search Search list for host-name lookup.
	      The  search  list is normally determined from the local domain name; by default, it
	      contains only the local domain name.  This may be changed by  listing  the  desired
	      domain  search path following the search keyword with spaces or tabs separating the
	      names.  Resolver queries having fewer than ndots dots (default is 1) in  them  will
	      be  attempted  using  each  component  of  the search path in turn until a match is
	      found.  For environments with multiple subdomains please read options ndots:n below
	      to  avoid  man-in-the-middle  attacks  and  unnecessary  traffic	for the root-dns-
	      servers.	Note that this process may be slow and will generate  a  lot  of  network
	      traffic  if the servers for the listed domains are not local, and that queries will
	      time out if no server is available for one of the domains.

	      The search list is currently limited to six domains with a total of 256 characters.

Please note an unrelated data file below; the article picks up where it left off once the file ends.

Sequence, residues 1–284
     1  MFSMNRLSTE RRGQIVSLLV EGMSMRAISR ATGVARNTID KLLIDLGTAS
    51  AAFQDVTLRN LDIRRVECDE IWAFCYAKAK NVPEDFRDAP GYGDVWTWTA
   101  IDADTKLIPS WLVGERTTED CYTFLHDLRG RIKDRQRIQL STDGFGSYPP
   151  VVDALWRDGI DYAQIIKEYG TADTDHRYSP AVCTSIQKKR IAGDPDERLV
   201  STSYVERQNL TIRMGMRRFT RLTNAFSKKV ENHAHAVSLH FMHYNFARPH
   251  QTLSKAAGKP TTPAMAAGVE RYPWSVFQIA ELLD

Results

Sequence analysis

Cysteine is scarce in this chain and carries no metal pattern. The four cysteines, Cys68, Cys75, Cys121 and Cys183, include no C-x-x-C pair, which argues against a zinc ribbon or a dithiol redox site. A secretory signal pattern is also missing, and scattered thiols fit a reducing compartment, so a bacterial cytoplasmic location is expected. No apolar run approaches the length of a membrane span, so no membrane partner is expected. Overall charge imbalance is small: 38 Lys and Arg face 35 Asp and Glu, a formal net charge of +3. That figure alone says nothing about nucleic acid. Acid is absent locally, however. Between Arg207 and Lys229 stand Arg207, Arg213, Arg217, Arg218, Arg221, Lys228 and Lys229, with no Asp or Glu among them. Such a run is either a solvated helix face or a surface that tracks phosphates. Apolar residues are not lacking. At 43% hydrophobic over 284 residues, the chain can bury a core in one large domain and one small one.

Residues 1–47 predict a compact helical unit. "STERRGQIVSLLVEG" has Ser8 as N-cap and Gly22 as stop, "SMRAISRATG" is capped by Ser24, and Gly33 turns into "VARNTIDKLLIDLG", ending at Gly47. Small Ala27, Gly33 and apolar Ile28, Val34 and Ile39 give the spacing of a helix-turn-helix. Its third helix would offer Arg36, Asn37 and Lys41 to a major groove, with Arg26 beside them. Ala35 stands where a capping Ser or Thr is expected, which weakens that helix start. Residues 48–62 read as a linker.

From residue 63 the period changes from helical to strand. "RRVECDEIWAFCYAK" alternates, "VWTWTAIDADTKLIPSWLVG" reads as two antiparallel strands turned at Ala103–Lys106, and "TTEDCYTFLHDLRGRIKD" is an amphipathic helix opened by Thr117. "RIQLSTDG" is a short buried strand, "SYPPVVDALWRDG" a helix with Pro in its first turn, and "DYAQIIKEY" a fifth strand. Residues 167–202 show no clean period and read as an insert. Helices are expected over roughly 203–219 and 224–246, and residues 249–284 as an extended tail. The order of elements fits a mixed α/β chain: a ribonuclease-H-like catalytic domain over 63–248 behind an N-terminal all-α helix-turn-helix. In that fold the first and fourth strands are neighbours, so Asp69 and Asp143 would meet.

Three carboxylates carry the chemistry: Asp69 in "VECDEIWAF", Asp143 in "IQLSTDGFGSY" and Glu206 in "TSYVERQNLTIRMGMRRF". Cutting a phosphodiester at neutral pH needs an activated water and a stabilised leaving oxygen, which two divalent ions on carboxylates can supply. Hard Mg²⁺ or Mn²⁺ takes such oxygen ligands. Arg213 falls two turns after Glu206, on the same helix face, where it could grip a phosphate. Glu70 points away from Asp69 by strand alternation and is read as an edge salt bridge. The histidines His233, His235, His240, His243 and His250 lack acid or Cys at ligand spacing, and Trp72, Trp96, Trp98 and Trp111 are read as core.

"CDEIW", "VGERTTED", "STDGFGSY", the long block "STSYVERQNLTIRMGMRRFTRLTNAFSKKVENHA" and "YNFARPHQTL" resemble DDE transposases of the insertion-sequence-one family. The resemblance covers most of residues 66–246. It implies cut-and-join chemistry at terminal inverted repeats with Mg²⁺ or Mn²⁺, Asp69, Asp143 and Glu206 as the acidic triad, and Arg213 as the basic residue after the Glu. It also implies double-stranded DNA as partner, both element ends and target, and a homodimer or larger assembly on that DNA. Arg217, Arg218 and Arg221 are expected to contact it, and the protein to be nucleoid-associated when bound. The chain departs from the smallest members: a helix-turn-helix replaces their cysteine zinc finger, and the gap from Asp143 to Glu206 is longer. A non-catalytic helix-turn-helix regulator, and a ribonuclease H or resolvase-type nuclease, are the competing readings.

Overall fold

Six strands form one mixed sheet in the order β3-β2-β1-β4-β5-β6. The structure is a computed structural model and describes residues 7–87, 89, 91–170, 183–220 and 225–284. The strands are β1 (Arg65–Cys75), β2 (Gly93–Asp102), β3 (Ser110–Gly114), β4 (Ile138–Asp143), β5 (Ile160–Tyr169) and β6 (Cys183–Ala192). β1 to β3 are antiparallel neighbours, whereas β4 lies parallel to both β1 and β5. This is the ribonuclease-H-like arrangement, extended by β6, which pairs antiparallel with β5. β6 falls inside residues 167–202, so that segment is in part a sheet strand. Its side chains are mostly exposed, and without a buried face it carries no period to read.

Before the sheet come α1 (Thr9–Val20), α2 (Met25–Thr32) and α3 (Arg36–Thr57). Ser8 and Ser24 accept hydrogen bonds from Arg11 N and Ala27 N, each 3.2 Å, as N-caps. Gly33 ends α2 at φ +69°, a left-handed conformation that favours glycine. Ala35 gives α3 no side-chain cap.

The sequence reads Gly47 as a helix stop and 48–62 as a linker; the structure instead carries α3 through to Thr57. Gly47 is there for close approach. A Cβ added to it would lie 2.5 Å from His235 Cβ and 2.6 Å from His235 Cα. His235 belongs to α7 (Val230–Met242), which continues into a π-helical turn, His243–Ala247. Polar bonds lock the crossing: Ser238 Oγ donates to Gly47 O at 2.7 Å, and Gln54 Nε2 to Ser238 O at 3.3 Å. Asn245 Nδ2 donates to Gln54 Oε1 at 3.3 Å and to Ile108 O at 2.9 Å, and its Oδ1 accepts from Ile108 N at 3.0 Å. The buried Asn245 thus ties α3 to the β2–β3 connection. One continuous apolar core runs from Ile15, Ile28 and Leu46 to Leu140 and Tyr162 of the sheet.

sortlist
	      This option allows addresses returned by gethostbyname(3) to be sorted.  A sortlist
	      is  specified by IP-address-netmask pairs.  The netmask is optional and defaults to
	      the natural netmask of the net.  The IP address and optional network pairs are sep-
	      arated by slashes.  Up to 10 pairs may be specified.  Here is an example:

		  sortlist 130.155.160.0/255.255.240.0 130.155.0.0

       options
	      Options allows certain internal resolver variables to be modified.  The syntax is

		     options option ...

	      where option is one of the following:

	      debug  sets RES_DEBUG in _res.options (effective only if glibc was built with debug
		     support; see resolver(3)).

	      ndots:n
		     sets a threshold for the number of dots which must appear in a name given to
		     res_query(3)  (see  resolver(3))  before  an  initial absolute query will be
		     made.  The default for n is 1, meaning that if there are any dots in a name,
		     the name will be tried first as an absolute name before any search list ele-
		     ments are appended to it.	The value for this option is silently  capped  to
		     15.

	      timeout:n
		     sets  the amount of time the resolver will wait for a response from a remote